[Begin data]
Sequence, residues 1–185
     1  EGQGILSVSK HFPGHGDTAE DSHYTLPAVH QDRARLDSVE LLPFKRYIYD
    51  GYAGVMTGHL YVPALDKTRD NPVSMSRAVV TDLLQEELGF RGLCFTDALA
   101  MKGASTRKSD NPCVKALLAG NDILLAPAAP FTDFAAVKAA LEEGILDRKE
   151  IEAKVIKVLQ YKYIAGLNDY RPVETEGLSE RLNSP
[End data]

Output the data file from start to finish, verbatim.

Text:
Sequence, residues 1–185
     1  EGQGILSVSK HFPGHGDTAE DSHYTLPAVH QDRARLDSVE LLPFKRYIYD
    51  GYAGVMTGHL YVPALDKTRD NPVSMSRAVV TDLLQEELGF RGLCFTDALA
   101  MKGASTRKSD NPCVKALLAG NDILLAPAAP FTDFAAVKAA LEEGILDRKE
   151  IEAKVIKVLQ YKYIAGLNDY RPVETEGLSE RLNSP